THE BLACK SHEEP is an ongoing column featuring different takes on films that either the writer HATED, but that the majority of film fans LOVED, or that the writer LOVED, but that most others LOATH. We're hoping this column will promote constructive and geek fueled discussion. Dig in!
Village of the Damned (1995)
Directed by John Carpenter
“It has enough good moments to let this turd float.”
The Village of the Damned is an utter classic. It’s powerful, haunting, and plain weird. It helped usher in a new type of villain: the creepy kid! Ok, perhaps I should be clearer. The original 1960 film directed by Wolf Rilla is a classic. It’s still one effective ass movie. Instead, the focus of this Black Sheep is version directed by horror legend John Carpenter. He may be a classic, but this movie…not so much. However, that’s not to say it should be discounted. Far from it.
Village of the Damned is still a good movie with all the Carpenter traits fans expect and adore. Sure…it may not be his strongest effort. I seriously doubt it shows up on any top five (or top ten) list of Carpenter outings. Let’s face it…the movie should have been better considering he had experience recreating old films into something fresh (see The Thing from the 80’s, not the new one). Here, Carpenter doesn’t stray far from the source material. That’s not a horrendous thing, but perhaps more of an indicator that he had entered the “lazy faze” of his career.
So what makes this good? What makes it better than you probably remember? Moments. Yeah, moments. It has enough good moments to let this turd float. I love the moment where one of the little brats forces Christopher Reeve’s wife to shove her hand in a pot of boiling water. I dig the scene where an optometrist is forced to put painful eye drops in her own eyes! It’s great when the janitor goes nuts and tells off a classroom full of the silver haired freaks and is forced to jump off a roof with a broom pushed against his chest. I somehow never forgot the beginning where everyone passes out and some poor sucker lands on his grill. Moments, even small ones, can make a shit movie memorable and most of all, entertaining. And Village of the Damned is that (even if some scenes were from the first movie).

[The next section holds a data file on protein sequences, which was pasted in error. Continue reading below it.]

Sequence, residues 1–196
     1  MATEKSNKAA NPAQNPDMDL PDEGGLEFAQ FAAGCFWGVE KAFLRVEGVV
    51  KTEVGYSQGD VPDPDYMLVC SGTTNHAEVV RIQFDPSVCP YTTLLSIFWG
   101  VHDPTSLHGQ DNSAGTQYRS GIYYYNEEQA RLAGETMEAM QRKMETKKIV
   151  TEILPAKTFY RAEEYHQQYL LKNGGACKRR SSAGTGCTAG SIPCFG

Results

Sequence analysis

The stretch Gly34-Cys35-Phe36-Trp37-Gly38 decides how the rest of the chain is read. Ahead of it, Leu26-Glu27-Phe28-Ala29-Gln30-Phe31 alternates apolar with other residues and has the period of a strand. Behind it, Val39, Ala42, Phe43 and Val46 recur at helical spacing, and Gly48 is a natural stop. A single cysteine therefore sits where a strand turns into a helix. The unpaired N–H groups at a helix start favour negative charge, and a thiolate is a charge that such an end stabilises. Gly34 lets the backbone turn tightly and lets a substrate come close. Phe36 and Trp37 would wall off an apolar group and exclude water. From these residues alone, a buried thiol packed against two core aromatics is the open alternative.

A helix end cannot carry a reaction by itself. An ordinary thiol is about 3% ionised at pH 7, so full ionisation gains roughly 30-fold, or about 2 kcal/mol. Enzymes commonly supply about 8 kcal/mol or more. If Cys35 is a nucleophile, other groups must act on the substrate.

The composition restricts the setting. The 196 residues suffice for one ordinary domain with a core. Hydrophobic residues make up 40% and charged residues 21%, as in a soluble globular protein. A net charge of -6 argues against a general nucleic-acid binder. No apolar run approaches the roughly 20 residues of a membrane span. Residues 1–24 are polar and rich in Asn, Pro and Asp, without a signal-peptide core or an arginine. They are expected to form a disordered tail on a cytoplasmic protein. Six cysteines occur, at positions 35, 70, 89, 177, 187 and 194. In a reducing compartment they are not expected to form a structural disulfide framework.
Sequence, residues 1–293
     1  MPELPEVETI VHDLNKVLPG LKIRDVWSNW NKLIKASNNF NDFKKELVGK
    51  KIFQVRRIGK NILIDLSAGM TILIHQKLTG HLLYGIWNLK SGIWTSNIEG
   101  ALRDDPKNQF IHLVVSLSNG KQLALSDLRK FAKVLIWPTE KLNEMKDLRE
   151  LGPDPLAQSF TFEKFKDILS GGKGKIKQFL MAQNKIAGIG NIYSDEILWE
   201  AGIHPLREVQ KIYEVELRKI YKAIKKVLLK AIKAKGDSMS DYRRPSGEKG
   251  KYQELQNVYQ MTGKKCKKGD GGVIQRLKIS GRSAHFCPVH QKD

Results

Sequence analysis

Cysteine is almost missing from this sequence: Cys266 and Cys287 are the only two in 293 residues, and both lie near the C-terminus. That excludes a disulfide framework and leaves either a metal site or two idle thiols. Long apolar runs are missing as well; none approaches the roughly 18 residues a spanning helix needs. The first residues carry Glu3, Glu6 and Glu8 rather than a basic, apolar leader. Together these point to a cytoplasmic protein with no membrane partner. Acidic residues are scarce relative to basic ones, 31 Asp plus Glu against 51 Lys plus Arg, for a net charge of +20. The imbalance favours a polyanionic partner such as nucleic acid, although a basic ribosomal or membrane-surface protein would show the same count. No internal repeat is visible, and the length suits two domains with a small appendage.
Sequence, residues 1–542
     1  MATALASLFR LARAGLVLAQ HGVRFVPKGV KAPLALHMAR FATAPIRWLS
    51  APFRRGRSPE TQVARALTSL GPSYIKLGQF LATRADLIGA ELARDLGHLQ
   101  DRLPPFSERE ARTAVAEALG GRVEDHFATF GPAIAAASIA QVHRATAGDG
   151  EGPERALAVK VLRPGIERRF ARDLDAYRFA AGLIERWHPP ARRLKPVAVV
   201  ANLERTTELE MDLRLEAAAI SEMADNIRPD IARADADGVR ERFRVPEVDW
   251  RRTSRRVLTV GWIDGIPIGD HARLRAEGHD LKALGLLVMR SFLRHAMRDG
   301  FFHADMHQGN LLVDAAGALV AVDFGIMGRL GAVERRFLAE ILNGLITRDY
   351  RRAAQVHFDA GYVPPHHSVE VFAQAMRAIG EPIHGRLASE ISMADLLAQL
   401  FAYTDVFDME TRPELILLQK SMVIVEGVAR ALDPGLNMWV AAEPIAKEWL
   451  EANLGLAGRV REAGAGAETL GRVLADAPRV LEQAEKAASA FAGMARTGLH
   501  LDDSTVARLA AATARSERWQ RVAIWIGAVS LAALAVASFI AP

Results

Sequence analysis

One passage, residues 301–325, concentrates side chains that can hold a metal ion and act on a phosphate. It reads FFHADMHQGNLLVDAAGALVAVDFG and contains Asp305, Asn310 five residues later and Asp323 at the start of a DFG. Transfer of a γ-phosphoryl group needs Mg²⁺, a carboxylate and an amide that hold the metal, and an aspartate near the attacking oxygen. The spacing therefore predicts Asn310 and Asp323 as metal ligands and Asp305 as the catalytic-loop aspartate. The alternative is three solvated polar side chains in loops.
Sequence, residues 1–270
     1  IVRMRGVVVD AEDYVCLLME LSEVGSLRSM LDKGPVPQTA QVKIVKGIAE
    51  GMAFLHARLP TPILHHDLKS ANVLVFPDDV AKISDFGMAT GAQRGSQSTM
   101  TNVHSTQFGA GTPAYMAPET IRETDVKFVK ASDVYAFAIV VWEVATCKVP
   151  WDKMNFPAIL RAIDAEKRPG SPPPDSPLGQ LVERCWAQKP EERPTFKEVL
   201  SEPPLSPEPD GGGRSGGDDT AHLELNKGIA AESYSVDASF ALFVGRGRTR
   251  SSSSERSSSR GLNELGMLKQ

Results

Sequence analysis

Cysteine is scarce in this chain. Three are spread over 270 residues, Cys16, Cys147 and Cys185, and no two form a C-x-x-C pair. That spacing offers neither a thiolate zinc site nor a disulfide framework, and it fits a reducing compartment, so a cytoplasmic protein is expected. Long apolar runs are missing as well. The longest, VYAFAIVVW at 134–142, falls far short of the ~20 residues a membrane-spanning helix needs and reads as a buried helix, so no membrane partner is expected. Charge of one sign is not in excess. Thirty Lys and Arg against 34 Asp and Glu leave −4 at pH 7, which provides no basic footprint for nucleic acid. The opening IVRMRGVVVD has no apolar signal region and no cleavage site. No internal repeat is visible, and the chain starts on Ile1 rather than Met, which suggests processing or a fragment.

What’s also great is perhaps my favorite element of Carpenter: his score. It’s classic Carpenter creating a haunting, looming tone. I honestly believe his ability to score a film is second to none and is seriously underrated. He always created the perfect mood with an instrument normally more fit for a Corey Feldman feature. Along the same lines, Village of the Damned has the proper Carpenter look with long time cinematographer Gary B. Kibbe capturing the thing. But then there’s the acting, which I describe as less than stellar. The cast seems to try, but for the most part, it’s all laughable. Carpenter never used grade A actors (not counting Kurt and Jamie Lee). He preferred the lesser known. Yet with this one, he attempted to draw in the A, well B at least. With Christopher Reeve in the lead, he gives it the old boy scout try. Reeve, God bless him, has a voice that never evoked leading man for me. He wasn't ever an actor with depth. Mark Hamill will always be loved by fans, but let’s face it, there’s a reason the dude’s career never took off. It’s hard not to like him, but as a priest, he brings as much to the party as a crackhead would to a political debate. Ok, not the best analogy, but you get my point. Then there’s Kirstie Alley. Yeah, she’s awful. I should support her since she hails from my hometown of Wichita, Kansas, but I can’t do it. She does her best Lt. Saavik impersonation as Dr. Susan Verner except she doesn’t care about the role. It’s as if she glanced at the script moments before filming and didn’t bother to “act.”
Speaking of which let me blame the script, which has some of the shittest dialogue I’ve ever heard. Alley the scientist tells Reeve the doctor to read Sherlock Holmes to understand what’s going on…really. And then when the town looks to Reeve to teach the kids how to be nice, he asks, “What am I going to teach them?” A woman replies in hushed tone, “Humanity…humanity...” Listening to the actors deliver their lines causes enough eye rolls to make them roll right out of your head and dangle like a yo-yo. Even with my complaints and the really, really bad aspects of the movie, Village of the Damned is entertaining not only because it’s a Carpenter product, but because it has entertaining moments. And that's good enough for me.